Television remains a very undemocratic, centrally controlled, and exclusive medium – despite the proliferation of channels on an expanding variety of delivery platforms. A key symptom of this deficit is that there are still very few opportunities to participate meaningfully in production. ‘Reality TV’ and formatted ‘documentary’ shows have obviously opened up television to a wider range of people as the subjects of programming. But this is a limited openness. The power to define its limits remains firmly in the hands of the broadcasters, and these new subjects are still objects for them to manipulate, with no ability to represent themselves in any full sense.
The BBC, through the Community Programmes Unit (CPU), for a long time provided access to BBC production resources for outsiders to represent themselves. However the Corporation lost interest in the concept of access during the 1990s, and the Unit was closed in the early 2000s. Nevertheless, Mark Thompson – when newly appointed as Director General of the BBC in 2004 – said then:
We look forward to a future where the historic one way traffic of content from broadcaster to consumer evolves into a true creative dialogue in which the public are not passive audiences but active, inspired participants. (Thompson 2004: 4)
Two years later, in a Press Release about their ‘Creative Future’ initiative, the BBC acknowledged that:
Increasingly, audiences of all ages not only want the choice of what to watch and listen to when they want, they also expect to take part, debate, create and control […]. Interactivity and user-generated content are increasingly important stimuli for the creative process. (BBC Press Office 2006)
So the word ‘access’ may now be replaced by the phrase ‘user-generated content’, but the concept of active participation remains alive, and a ‘true creative dialogue’ with its audience is still a crucial part of the BBC’s remit as a public service broadcaster. Of course, much of the current interest in ‘user-generated content’ is due to it being a cheap and fashionable way to source material for programmes, rather than from a genuine enthusiasm for democratic participation. ‘We are encouraging viewers to send us film of extreme weather’, said David Holdsworth, head of regional and local programmes for BBC West Midlands: ‘The aim is to open things up a bit’ (Brown 2005: 8). Soliciting sensational material from viewers to bolster conventional programming may save the BBC money, but it is hardly opening up the institution in terms of real democratic access. Even the admirable ‘Britain in a Day’ project left editorial control of its broadcast form firmly in the hands of the ‘professionals’.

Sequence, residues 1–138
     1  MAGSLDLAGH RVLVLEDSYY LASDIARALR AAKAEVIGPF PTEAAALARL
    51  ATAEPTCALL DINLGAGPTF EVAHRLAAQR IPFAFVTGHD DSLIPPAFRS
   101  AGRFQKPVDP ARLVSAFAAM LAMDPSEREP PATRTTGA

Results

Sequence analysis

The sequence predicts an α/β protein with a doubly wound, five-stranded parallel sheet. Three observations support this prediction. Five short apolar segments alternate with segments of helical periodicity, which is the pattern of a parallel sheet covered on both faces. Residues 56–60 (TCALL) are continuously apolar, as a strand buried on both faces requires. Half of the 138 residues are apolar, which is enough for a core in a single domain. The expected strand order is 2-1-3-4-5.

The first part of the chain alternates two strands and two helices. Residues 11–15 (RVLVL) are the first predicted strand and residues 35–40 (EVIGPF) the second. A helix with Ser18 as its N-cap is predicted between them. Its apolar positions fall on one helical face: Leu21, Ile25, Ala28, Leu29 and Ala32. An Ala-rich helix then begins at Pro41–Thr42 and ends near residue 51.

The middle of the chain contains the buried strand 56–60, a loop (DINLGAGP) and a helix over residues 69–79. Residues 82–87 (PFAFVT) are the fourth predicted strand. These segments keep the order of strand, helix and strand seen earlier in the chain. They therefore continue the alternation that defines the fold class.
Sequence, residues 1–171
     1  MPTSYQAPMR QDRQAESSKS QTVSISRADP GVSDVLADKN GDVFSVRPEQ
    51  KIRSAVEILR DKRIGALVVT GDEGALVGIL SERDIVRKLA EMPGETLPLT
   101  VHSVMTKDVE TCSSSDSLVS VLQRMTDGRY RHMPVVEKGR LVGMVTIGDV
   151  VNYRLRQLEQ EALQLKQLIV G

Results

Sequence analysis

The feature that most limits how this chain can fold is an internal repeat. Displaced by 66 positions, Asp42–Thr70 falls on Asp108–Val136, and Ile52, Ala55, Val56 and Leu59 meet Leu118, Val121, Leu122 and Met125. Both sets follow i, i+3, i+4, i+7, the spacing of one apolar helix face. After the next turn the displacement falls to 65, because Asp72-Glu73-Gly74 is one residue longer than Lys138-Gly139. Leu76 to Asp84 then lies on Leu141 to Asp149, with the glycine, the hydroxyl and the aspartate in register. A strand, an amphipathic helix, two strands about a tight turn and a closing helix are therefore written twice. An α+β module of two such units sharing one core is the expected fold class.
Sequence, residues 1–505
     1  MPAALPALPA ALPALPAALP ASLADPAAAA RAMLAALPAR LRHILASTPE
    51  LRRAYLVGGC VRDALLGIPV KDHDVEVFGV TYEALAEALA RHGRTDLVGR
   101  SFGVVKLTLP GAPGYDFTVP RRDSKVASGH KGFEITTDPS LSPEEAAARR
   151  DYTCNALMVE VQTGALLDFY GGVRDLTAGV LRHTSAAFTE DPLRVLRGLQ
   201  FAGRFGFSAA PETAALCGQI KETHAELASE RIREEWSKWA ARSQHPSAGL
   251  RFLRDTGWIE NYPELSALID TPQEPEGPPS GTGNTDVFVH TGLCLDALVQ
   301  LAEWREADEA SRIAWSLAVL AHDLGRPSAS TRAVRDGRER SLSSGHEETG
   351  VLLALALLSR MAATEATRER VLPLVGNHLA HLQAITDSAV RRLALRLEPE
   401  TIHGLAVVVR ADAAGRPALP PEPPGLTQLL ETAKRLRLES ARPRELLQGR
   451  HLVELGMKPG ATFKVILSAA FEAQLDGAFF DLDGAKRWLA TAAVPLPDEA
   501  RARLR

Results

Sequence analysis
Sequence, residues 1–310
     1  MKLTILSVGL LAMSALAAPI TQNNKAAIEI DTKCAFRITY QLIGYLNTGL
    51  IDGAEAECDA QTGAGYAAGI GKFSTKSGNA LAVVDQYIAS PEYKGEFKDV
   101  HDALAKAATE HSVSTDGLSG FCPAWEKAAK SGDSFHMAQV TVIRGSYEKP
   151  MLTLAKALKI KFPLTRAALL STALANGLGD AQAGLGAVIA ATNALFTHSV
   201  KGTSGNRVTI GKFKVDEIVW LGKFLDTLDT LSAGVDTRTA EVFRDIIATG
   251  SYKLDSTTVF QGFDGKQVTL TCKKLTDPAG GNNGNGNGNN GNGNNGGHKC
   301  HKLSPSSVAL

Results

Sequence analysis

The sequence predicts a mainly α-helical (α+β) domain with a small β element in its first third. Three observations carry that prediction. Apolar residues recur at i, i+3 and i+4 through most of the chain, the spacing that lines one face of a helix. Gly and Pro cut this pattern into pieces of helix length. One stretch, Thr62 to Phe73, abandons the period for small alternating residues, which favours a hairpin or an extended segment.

It is clear that the BBC, as the national public service broadcaster, needs to find a braver role in a context in which the tools for creation are now ubiquitous, and the Corporation’s current interest in ‘user-generated content’ needs to be a more meaningful part of this role. The degree to which the BBC permits and encourages ‘user autonomy’ – genuine participation in, and power over programme-making by people outside the institution – will be a good measure of how well it is functioning in a truly democratic way. ‘The crucial project of re-inventing the BBC’s public service role in the participatory culture of the twenty-first century’ (as Mandy Rose put it in her open letter on 28 June) may well best be realised by a revival of the concept of ‘access’, alongside an institutional intervention like the CPU.
BBC Press Office (2006) ‘Creative Future’, accessed 2 June 2006
Brown, M. (2005) ‘The News from Near You’, Media Guardian, 12th December 2005
Thompson, M. (2004) ‘Building Public Value’, London: BBC
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